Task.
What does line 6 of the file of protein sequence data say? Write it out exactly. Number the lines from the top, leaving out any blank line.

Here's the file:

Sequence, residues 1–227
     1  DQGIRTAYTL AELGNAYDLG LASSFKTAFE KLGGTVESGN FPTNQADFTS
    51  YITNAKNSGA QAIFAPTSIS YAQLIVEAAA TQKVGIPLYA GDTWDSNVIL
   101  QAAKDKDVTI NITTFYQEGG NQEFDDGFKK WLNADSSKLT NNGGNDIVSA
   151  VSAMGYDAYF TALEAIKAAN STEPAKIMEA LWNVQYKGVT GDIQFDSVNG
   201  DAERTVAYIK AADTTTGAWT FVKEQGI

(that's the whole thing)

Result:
   201  DAERTVAYIK AADTTTGAWT FVKEQGI